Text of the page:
Nodes above cracked boll (NACB) is another method that can be used to properly time defoliation applications. Using this method requires finding the uppermost first position of a cracked boll. When there are harvestable bolls no more than four nodes above this uppermost first position cracked boll, then it is generally safe to defoliate. There may be times when more than four nodes above the cracked boll are fully mature and ready to defoliate. This can be determined best by slicing bolls with a sharp knife. This is known as the sharp knife technique.
The sharp knife technique should be used to validate both percent open and NACB to truly gauge defoliation timing. Using this method entails locating the uppermost harvestable boll that significantly contributes to yield. This boll typically is located a few nodes down from the top of the plant. It is important to be realistic when locating the uppermost harvestable boll. Do not select small, knotty bolls that will require a long time period to mature and will contribute little to overall yield.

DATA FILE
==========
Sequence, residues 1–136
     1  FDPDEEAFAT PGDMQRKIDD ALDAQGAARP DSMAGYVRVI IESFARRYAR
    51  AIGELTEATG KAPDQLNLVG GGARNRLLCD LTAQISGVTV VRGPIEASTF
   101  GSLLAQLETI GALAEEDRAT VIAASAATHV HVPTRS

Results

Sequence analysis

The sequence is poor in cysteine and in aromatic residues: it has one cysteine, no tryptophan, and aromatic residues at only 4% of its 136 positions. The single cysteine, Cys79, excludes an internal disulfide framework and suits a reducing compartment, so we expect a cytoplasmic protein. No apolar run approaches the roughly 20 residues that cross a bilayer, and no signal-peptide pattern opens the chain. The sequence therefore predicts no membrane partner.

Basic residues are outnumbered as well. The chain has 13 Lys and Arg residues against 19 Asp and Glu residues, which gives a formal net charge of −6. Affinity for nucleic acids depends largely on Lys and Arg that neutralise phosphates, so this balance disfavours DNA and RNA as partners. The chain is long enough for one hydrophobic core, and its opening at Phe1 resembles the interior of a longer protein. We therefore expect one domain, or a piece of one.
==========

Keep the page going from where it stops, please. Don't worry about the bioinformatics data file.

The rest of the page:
Once the uppermost harvestable boll is located, cut across the boll with a sharp knife. When bolls are difficult to cut, have folded cotyledons that have progressed beyond the “jelly” stage, and have darkened seed coats, then it is safe to defoliate. Like other methods, it is important to check several places in the field, since maturity within a field may vary.
Spray coverage is key when applying defoliants and harvest aids; therefore, nozzle selection and water volume are of vast importance. Application of harvest aids should be made at no less than 15 gallons per acre by ground and 5 gallons per acre by air. Hollow cone nozzles generally are preferred for ground applications and typically provide better coverage than other nozzle types. Flat fan nozzles also can provide acceptable results but tend to provide slightly less coverage than hollow cones. Nozzles that produce large, coarse droplets (such as air induction nozzles) should be avoided for harvest aid applications.
Most cotton is ready to harvest approximately 10 to 14 days after harvest aid application. Leaf drop generally commences at 4 days and is complete at 10 days. Bolls may be fully open as early as 7 days after treatment, though additional time is normally required. To avoid weathering and fallout, base the number of acres to be defoliated on harvest capacity. As soon as the crop is ready, proceed with harvest.
Types of Defoliants
Defoliants generally are grouped into two categories: herbicidal or hormonal. Defoliants with herbicidal activity include Folex, ET, Aim, Sharpen, and related generic products.